While the transition into marriage is a key component of the transition to adulthood in most contexts, marriage, in and of itself, is not necessarily a marker of adulthood, particularly for the numerous young women who wed during the teenage years. Substantial delays in the timing of marriage among most young people, however, are contributing to an overall lengthening of the interval between childhood and the assumption of adult roles.
Compared with previous generations, a smaller proportion of young women and men are married in most regions. Men still marry at older ages than women. While only one-third of men in the developing world are married by ages 20-24, nearly two-thirds of women are married in this age group. Moreover, in certain regions, most notably the Middle East, a large fraction of men now postpone marriage until their 30s.
The minimum legal age of marriage for both men and women has risen in many countries in the past decade, and women are less likely to be married during the teenage years than in the past. However, child marriage, defined as marriage prior to age 18, is still widespread and viewed by many as a major violation of human rights. On the basis of survey data representing 60 percent of the population of the developing world, 38 percent of young women ages 20-24 married before age 18 (down from 52 percent 20 years ago), with the highest rates of child marriage currently occurring in Western and Middle Africa and South Asia. Young women who marry as minors are more likely to come from poor households and rural areas and to have relatively few, if any, years of schooling.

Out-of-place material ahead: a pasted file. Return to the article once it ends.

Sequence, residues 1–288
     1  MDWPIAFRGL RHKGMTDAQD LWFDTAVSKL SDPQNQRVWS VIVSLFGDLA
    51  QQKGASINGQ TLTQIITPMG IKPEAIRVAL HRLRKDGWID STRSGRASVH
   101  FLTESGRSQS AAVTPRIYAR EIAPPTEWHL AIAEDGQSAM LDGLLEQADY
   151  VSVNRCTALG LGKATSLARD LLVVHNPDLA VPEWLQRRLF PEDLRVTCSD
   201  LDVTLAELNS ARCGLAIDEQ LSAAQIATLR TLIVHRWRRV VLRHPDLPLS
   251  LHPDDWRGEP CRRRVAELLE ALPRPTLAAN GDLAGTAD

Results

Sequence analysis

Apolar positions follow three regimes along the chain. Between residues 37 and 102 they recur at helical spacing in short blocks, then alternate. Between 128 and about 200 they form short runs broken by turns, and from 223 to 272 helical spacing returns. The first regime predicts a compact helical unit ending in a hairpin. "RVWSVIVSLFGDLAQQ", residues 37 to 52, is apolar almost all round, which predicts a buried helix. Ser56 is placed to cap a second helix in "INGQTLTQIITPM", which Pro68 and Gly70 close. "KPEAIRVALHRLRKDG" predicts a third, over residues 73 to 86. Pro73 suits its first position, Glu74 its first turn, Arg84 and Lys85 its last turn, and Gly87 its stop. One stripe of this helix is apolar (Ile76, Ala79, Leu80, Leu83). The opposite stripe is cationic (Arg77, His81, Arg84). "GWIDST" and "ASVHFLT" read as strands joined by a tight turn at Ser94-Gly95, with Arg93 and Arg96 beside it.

The age gap between spouses—often thought of as a measure of the degree of equality in marriage—appears to be narrowing, especially in sub-Saharan Africa and South Asia. There is also some evidence of growing agency on the part of young women with regard to choice of marriage partner, suggesting that the nature of marriage itself is changing.
As in the past, entry into marriage is strongly associated with entry into parenthood. Over 90 percent of first births occur within marriage, and this percentage has changed only minimally over the past 20 years. With rising ages of marriage, the age of parenthood has been rising, but the gap between age at marriage and age at first birth has narrowed, falling from 22 to 16 months on average over the past 20 years. These postponements of marriage and parenthood allow young people more time to prepare for adult roles and provide an increasing number of young women with the opportunity to participate in the labor force prior to becoming a parent.
Rates of early childbearing remain high in many parts of the developing world because of high rates of early marriage, as noted above. Based on